"Axelrod is known for operating in (the political) gray area, part idealist, part hired muscle. It is difficult to discuss Axelrod in certain circles in Chicago without the matter of the Blair Hull divorce papers coming up. As the 2004 Senate primary neared, it was clear that it was a contest between two people: the millionaire liberal, Hull, who was leading in the polls, and Obama, who had built an impressive grass-roots campaign. About a month before the vote, The Chicago Tribune revealed, near the bottom of a long profile of Hull, that during a divorce proceeding, Hull’s second wife filed for an order of protection. In the following few days, the matter erupted into a full-fledged scandal that ended up destroying the Hull campaign and handing Obama an easy primary victory. The Tribune reporter who wrote the original piece later acknowledged in print that the Obama camp had “worked aggressively behind the scenes” to push the story. But there are those in Chicago who believe that Axelrod had an even more significant role — that he leaked the initial story. They note that before signing on with Obama, Axelrod interviewed with Hull. They also point out that Obama’s TV ad campaign started at almost the same time.
(Emphasis mine).

The American Heritage Dictionary of the English Language defines irony as:

"1a. The use of words to express something different from and often opposite to their literal meaning. b. An expression or utterance marked by a deliberate contrast between apparent and intended meaning. c. A literary style employing such contrasts for humorous or rhetorical effect. See synonyms at wit1. 2a. Incongruity between what might be expected and what actually occurs ..."
(Emphasis mine).

Considering the zeal with which the Chicago Tribune pursued, uncovered, and reported on the sealed divorce records of Barack Obama's opponents in his 2004 bid for the U.S. Senate, one might have expected that the Tribune owned Los Angeles Times would have adopted a similar urgency toward releasing the videotape of Rashid Khalidi's going away dinner -- especially since Peter Wallsten's April, 2008, L.A. Times article implied that the videotape opens the door to the possibility that Senator Obama's official position on American foreign policy toward Israel may not actually reflect his true feelings on the issue.

How ironic, then, that the L.A. Times refuses to release the video. When Barack Obama's opponent Jack Ryan, and his ex-wife sought to keep their divorce records sealed, a Tribune newspaper sued to have the records unsealed on the grounds than the Ryans' privacy -- and their young son's well being -- were less important than the "public interest." But now a Tribune newspaper is refusing to release a videotape that could further illuminate Senator Obama's position on American foreign policy toward Israel on the grounds that doing so would violate their "journalistic ethics."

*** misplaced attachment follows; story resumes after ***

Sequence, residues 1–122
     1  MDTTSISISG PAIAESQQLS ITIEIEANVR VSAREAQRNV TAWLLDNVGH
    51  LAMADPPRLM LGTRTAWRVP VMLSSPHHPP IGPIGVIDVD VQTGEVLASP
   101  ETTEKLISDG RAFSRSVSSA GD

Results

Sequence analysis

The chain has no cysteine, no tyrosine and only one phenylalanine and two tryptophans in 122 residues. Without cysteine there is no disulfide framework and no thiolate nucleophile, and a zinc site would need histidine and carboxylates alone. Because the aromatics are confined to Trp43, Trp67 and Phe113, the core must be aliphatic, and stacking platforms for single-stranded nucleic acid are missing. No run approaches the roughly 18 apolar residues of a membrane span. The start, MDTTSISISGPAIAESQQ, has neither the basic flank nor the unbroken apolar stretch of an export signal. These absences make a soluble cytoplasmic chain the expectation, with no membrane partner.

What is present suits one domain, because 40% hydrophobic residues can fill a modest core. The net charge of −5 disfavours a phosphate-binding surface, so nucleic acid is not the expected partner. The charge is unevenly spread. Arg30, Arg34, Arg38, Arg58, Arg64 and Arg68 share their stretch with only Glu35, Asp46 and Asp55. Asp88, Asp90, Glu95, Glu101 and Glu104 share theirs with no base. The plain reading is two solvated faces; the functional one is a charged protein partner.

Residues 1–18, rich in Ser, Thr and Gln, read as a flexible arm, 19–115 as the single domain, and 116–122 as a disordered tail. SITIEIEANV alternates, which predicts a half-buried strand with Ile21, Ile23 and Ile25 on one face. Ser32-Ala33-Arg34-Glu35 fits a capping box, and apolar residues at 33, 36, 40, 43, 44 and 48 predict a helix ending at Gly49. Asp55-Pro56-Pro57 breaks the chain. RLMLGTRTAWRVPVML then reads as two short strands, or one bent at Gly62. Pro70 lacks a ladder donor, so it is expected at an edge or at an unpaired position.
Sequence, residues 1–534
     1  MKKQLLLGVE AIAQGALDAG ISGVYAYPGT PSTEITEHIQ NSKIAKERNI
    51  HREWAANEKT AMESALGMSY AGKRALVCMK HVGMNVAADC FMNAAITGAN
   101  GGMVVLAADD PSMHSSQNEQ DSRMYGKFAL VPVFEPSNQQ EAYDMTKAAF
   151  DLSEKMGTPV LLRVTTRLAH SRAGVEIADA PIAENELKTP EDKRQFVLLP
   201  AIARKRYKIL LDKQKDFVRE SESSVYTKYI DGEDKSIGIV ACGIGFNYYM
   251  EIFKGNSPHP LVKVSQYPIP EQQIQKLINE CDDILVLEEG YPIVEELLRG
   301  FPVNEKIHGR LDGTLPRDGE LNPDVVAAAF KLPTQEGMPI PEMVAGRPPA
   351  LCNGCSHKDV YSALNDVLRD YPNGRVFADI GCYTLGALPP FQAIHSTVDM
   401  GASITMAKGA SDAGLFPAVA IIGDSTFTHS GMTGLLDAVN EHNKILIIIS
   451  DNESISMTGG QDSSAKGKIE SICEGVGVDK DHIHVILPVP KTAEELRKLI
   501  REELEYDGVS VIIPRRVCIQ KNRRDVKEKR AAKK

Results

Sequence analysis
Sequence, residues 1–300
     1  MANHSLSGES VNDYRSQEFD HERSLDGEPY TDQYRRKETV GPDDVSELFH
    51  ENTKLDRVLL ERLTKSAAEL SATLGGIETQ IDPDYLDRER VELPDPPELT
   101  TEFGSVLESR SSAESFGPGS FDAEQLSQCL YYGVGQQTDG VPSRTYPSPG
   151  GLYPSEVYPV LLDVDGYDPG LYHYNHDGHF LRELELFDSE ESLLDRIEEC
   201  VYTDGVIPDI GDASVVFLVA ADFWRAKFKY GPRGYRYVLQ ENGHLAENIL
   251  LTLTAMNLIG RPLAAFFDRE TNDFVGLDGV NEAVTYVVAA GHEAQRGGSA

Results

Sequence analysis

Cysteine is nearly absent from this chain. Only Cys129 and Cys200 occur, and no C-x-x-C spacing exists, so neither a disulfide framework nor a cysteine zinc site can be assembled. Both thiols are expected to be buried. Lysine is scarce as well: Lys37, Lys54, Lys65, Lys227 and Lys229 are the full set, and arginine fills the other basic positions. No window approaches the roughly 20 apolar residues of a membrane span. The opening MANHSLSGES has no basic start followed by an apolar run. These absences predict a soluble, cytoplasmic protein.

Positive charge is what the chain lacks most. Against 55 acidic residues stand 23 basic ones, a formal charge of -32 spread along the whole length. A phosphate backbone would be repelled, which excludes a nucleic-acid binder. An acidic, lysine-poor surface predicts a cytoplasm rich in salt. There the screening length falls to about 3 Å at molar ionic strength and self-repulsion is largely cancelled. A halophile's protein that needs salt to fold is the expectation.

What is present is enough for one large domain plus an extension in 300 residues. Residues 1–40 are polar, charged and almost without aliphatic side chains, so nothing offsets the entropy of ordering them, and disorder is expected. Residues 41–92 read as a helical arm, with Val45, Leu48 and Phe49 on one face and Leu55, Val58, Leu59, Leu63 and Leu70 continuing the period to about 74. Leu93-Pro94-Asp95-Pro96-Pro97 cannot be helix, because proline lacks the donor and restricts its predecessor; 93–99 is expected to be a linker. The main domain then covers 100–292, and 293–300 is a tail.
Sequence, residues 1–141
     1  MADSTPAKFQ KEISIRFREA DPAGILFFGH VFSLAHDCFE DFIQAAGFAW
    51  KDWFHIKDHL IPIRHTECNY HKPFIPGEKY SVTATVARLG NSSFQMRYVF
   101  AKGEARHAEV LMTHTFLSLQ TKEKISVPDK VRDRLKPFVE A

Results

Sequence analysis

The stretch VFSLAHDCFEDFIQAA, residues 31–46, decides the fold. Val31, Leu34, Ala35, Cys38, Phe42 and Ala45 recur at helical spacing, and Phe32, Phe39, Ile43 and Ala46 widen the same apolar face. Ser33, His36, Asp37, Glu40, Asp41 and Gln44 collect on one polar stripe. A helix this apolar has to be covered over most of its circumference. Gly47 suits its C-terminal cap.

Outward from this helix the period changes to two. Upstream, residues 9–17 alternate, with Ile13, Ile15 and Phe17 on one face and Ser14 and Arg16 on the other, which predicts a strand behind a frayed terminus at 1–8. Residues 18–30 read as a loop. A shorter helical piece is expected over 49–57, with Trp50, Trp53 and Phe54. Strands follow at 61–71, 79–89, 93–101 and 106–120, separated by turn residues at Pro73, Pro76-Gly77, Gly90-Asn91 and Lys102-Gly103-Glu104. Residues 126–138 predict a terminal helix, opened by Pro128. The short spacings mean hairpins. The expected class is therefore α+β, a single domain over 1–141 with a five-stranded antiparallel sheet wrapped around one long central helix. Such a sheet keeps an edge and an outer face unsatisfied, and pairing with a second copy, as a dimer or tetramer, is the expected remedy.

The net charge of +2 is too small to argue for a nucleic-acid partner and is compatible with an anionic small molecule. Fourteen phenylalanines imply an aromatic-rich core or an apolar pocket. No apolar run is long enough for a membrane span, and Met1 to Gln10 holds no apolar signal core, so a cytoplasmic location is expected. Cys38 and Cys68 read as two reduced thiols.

In fairness, the Tribune Company is now under different ownership than it was under in 2004. But one thing that hasn't changed since 2004 is the Tribune's apparent imperative to lend a hand to the candidacy of Barack Obama.

* Through his service on the board of the Woods Fund, Barack Obama voted to grant more tha $70,000 to the Arab American Action Network, an organization created by Rashid Khalidi (more here, and here).

Saturday, October 25, 2008

25th Anniversary of the First Cell Phone Call

The following is cross-posted from our parent blog, Drive and Dish (it was posted on Monday, October, 13, 2008 -- the date of the 25th anniversary of the first commercial cell phone call):

Today marks the 25th anniversary of the first commercial cell phone call:

"It was on Oct. 13, 1983, that Bob Barnett, then president of Ameritech Mobile Communications, placed the first commercial wireless call from inside a Chrysler convertible at Soldier Field in Chicago, to the grandson of Alexander Graham Bell, who was in Berlin, Germany."

Like the Internet, cell phones have -- in a short period of time -- radically changed the way in which people live their lives. These days, it's difficult to imagine life without cell phones. But it wasn't all that long ago that the use of cell phones was largely limited to the wealthy and/or powerful.

The picture below is taken from a scene in Oliver Stone's 1987 film "Wall Street." Michael Douglas portrayed the fictional Wall St. arbitrageur Gordon Gekko (more here), a character who was allegedly loosely based on a composite of Ivan Boesky (more) and Carl Icahn.